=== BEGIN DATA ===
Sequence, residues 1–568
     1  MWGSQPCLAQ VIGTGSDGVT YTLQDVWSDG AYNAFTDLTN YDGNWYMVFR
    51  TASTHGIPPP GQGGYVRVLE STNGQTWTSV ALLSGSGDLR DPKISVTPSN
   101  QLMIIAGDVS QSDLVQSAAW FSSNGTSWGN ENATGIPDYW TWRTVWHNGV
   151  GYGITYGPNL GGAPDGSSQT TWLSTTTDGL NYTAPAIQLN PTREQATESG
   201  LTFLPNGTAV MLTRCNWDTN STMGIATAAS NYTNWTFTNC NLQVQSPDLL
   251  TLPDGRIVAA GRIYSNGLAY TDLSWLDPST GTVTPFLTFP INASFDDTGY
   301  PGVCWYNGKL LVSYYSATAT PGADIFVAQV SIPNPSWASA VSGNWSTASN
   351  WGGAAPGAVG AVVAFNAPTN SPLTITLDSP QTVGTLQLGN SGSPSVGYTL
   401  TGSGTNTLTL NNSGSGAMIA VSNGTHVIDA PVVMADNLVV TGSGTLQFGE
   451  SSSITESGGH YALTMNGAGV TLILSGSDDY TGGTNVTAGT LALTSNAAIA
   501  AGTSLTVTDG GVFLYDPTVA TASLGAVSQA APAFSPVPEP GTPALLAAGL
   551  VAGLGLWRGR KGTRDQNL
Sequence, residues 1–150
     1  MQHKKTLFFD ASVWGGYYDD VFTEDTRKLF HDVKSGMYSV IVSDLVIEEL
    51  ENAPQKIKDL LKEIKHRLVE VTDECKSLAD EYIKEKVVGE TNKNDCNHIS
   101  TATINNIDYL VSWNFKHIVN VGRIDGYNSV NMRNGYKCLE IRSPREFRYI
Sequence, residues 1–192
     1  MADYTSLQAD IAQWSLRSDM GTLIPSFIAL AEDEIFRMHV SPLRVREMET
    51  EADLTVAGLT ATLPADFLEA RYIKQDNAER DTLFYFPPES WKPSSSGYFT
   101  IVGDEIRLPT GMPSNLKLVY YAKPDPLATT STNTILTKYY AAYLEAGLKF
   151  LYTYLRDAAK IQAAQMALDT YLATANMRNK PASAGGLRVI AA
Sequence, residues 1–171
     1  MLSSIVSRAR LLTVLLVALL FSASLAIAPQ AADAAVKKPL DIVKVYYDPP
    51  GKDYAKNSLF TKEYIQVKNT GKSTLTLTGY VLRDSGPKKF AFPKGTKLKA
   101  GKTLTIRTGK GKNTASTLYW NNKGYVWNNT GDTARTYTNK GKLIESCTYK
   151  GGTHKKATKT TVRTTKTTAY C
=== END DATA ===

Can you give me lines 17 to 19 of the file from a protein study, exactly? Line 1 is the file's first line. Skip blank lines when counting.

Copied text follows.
   101  TATINNIDYL VSWNFKHIVN VGRIDGYNSV NMRNGYKCLE IRSPREFRYI
Sequence, residues 1–192
     1  MADYTSLQAD IAQWSLRSDM GTLIPSFIAL AEDEIFRMHV SPLRVREMET